Part Two of the famous Gents bus and Beacon Down becomes Broken Down!
- Credit: Submitted
After weeks of hard work, at last, our bus was ready for its maiden voyage.
The 1934 veteran, from the Maidstone & District bus company, already had 550,000 miles on its clock, so, surely, another 50 was not too much to ask!
Knowing that the bus was very slow, we planned to meet at 08.00, on Sunday December 14, for a 10.30 kick-off, at Beacon Down, in Plymouth.
We had agreed to play in a match to support the widow of John Dennis, the secretary of Plymouth Civil Service Sports Association, who had passed away recently. He was a popular man, and a team of ex-Plymouth Argyle players had been assembled to oppose us.
As always, with the Torbay Gentlemen, we had no problem raising a team for the match, and made sure we included a few of our “celebrity” members to help swell the crowd.
Gordon Astall would play on one of the wings, Mike Sangster would feature at wing-half, and Norman Dodgin had asked to play at centre-half.
Norman, who played nearly 100 games, in the First Division for Newcastle United, was a former manager of Exeter City, but was now well into his fifties. Today would be his first game of football for 17 years!!
When 8.00 came, the men filed into the downstairs seats, and the ladies climbed the stairs to their carpeted “boudoir” on the top deck.
For me, it was the moment of truth.
It had been nearly 15 years since I had driven a commercial vehicle with a “crash” gearbox, which requires the driver to manually synchronise the input and output speed, when changing gear, so I said a little prayer as I set the destination board to read “BEACON DOWN”, and pulled myself up into the cab.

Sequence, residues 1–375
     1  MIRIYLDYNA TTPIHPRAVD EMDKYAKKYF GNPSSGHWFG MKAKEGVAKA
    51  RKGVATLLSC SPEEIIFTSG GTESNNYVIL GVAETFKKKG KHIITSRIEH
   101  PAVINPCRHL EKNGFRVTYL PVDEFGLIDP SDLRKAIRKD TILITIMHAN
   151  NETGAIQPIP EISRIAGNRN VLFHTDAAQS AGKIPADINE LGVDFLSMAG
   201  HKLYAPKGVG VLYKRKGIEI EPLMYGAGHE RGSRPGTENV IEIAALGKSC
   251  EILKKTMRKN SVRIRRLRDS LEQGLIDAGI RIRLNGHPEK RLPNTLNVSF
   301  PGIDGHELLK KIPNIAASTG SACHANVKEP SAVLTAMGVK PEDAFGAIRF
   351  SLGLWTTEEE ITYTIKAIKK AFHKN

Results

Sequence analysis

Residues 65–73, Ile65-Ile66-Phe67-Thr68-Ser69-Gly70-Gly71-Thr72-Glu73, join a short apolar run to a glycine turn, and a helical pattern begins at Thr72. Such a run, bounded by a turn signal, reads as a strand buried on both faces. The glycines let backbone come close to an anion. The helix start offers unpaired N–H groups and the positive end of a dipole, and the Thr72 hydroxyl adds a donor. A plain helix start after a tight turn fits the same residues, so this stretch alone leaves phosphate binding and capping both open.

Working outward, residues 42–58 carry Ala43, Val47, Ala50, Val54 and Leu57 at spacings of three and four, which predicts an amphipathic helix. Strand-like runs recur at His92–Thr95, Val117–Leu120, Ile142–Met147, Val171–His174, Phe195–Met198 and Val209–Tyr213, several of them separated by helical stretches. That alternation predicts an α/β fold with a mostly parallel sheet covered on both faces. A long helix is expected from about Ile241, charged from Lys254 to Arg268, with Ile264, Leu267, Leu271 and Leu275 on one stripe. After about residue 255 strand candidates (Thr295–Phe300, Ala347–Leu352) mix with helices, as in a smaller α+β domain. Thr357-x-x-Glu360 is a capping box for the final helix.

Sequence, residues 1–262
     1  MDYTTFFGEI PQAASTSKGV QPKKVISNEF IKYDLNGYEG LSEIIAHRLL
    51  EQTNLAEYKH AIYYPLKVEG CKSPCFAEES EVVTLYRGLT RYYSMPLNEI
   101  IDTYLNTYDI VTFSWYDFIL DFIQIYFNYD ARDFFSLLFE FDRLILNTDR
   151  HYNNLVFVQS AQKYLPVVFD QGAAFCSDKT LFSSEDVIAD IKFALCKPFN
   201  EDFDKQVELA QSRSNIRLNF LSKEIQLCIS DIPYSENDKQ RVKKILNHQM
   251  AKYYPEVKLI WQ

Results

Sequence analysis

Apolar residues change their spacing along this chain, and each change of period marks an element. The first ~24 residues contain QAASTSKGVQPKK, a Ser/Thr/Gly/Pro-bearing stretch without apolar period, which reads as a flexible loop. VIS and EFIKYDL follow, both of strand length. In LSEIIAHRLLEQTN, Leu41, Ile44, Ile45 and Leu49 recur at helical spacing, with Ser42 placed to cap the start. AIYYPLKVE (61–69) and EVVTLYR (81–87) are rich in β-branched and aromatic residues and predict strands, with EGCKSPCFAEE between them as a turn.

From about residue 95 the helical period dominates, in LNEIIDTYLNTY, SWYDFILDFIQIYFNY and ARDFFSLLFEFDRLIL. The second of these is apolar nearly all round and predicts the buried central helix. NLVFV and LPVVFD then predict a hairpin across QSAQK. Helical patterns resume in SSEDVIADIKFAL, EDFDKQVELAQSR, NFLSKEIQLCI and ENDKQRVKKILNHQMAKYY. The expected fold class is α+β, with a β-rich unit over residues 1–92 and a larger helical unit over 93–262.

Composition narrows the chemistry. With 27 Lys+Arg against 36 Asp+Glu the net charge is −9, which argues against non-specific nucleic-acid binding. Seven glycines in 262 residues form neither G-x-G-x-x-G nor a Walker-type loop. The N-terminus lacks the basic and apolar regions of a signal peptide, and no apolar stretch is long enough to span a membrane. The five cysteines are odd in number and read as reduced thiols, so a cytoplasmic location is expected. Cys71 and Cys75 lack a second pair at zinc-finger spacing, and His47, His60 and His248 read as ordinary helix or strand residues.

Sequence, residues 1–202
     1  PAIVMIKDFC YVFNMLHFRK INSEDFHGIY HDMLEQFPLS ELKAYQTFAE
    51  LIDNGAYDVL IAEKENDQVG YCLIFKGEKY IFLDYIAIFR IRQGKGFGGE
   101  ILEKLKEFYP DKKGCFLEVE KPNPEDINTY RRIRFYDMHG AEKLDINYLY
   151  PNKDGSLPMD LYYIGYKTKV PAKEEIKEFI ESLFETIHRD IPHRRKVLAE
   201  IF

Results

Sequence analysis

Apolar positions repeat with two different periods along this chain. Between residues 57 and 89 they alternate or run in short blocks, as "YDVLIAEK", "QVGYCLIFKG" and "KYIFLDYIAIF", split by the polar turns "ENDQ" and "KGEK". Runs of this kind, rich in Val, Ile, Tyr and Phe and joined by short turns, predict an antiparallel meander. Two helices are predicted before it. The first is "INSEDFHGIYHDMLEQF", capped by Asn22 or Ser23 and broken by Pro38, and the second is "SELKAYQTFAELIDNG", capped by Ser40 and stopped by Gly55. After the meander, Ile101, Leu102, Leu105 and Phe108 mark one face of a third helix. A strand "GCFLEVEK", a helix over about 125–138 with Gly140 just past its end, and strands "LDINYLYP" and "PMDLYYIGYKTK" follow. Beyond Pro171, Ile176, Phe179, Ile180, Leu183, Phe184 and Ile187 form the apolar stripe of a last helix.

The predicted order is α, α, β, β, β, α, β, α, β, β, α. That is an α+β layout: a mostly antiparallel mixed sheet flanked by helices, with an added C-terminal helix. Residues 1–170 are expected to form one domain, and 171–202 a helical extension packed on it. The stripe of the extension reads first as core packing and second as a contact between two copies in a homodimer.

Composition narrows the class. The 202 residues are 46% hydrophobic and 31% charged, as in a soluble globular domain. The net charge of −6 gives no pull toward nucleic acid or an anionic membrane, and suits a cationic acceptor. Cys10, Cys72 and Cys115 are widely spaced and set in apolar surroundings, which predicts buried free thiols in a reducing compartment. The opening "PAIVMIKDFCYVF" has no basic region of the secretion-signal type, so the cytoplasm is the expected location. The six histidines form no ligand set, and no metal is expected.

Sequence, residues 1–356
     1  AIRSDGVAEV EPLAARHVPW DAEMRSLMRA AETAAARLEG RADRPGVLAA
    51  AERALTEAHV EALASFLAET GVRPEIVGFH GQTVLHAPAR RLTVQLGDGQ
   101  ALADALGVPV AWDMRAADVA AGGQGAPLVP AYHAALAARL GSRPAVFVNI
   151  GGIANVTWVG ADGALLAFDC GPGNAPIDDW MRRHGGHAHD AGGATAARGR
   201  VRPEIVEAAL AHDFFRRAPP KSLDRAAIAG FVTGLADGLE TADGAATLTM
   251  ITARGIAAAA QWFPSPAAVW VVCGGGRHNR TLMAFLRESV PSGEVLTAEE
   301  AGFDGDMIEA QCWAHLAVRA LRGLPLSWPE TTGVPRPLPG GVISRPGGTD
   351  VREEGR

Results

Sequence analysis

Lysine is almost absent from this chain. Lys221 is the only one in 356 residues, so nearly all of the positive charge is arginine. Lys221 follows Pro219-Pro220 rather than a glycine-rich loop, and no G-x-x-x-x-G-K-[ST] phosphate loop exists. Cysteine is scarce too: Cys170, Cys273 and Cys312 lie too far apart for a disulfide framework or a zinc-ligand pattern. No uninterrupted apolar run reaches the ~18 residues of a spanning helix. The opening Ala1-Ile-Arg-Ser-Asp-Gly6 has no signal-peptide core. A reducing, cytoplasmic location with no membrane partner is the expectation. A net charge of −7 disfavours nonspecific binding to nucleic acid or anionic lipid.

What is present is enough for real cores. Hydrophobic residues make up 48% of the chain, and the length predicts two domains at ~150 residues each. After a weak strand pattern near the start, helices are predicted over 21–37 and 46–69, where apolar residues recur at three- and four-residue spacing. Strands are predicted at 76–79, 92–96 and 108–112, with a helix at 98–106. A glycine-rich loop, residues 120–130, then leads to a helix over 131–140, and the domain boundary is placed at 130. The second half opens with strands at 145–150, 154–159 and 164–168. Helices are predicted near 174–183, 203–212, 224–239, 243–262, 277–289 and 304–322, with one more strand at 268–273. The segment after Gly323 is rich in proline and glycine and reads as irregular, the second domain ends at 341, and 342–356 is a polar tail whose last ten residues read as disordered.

The last time that the bus had pulled a load like this was in 1947, but, after a while, it seemed to get used to it, and, eventually, even my loud, grating, gear changes were becoming less frequent.
We joined the A38, at Drumbridges, and the road was quiet.
I began to whistle a little tune, and put my foot down. What a way to travel.
We reached 35 mph at Lee Mill, but were soon negotiating traffic as we turned towards Plymouth.
Then, as we began to climb Forder Valley Hill, I felt the engine splutter, and we began to lose power. Halfway up the hill, we shuddered to a standstill and my heart dropped down to my boots.
Oh! No! Within moments 11 blokes in top hats and tails were gathered around an old bus, half way up a hill, wondering whatever to do.
In the end, we phoned our hosts, and they sent cars out to fetch us.
The match started on time, and we had a good crowd, but nothing could compensate for the disappointment of knowing that our maiden voyage had ended like this.
Someone took my place in the team as I phoned everywhere to try to find some mechanical help on a Sunday before Xmas.
We had left two of the ladies to protect the bar whilst the bus stood empty, and we changed the destination board from “BEACON DOWN” to “BROKEN DOWN” while we waited for help to arrive.
We lost the match by 3-1 to a team inspired by Argyle legend, Johnny Williams, but, suddenly, after the final whistle, our fortunes changed.
We had a great lunch, and a perfect excuse for an afternoon in the bar.
We had raised £550 for the cause, and then, just as we were going to book a hotel, we heard that the bus was ready for us.
I drove it back to the ground, amid cheers from the clubhouse, and we got back to Torquay before midnight.
We kept the bus for nearly five years, and it never let us down again.
Maybe, if everything had gone smoothly, our maiden voyage would not have been half as memorable as it turned out to be.